• What are the trends in your industry? Is there a pressure to lower costs (moving to the right), or do you see your firm win over its rivals by providing products and services with a higher willingness-to-pay (moving up)?
  • Are there new technologies that have allowed some of the firms already in the industry or potentially new entrants to push out the frontier? Do you see new business models breaking the trade-off between willingness-to-pay and fulfillment costs?

The Competition Between Power Tools And Neckties

It’s easy to ask, “What are your most relevant competitors?” But that seemingly simple question is much more complicated than one might initially suspect. Consider the following example, inspired by a remark on substitutes by Michael E. Porter, one of the most influential scholars of modern business strategy.

Imagine you work for a power-tool company. As a power-tool company, who are you competing against? One way of answering this question is by looking at who else is producing power tools. Framed this way, competitors such as DeWalt, Bosch, Ryobi, Hilti, and similar tool makers might make it onto your list.

Another way of tackling this question is to reframe it and ask, “For what purpose do customers use power tools such as a circular saw?” Chances are your customers might want to use the saw to cut some wood, maybe in order to build a new dining table.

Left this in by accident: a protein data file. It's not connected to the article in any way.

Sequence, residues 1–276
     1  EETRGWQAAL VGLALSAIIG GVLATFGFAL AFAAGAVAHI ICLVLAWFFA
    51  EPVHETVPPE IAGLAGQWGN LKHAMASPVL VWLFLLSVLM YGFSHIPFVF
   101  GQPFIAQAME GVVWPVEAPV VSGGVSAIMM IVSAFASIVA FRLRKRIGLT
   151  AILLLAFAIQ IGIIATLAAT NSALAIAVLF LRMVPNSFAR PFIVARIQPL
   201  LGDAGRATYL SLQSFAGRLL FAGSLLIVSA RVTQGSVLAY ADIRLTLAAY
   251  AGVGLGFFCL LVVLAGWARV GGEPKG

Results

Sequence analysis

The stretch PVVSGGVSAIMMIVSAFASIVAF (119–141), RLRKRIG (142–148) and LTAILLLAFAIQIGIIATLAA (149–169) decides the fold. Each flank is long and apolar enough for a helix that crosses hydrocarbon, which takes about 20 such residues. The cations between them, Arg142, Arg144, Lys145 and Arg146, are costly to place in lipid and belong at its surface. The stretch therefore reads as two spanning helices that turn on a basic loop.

When asked this way, the question reveals that you, as the maker of circular saws, are not just competing with other power-tool makers, you also are in competition with the makers of dining tables. The more customers are willing to tackle the job of building dining tables themselves, the more money they will pay to power-tool companies versus furniture stores.

But we can reframe the question again and ask, “Why do people buy power tools in the first place?” When you ask the question this way, you will quickly realize that one of the most common reasons for power-tool purchases is that customers are shopping for Father’s Day or Christmas presents. You probably sense where we are going with this argument. In this framing of the question, you realize that power-tool makers are competing with other providers of Father’s Day or Christmas gifts, neckties being one of the most important ones.

So, when we ask you to think of your competitors, how broadly should you look? We propose that you start with those companies that you are directly competing against—in our example, this would be the other makers of power tools. But, especially when it comes to imagining innovation and disruption, we want you to think about the competition more broadly by considering the ultimate needs that your customers want to fulfill. Disruption typically happens from players outside your current market. Just remember: hotels were disrupted not by other hotels but by Airbnb . . .

Contributed to Branding Strategy Insider by: Nicolaj Siggelkow and Christian Terweisch. Excerpted from Connected Strategy: Building Continuous Customer Relationships For Competitive Advantage, (Harvard Business Review Press, May 21, 2019] Copyright 2019 by Harvard Business School Publishing Corporation. All rights reserved.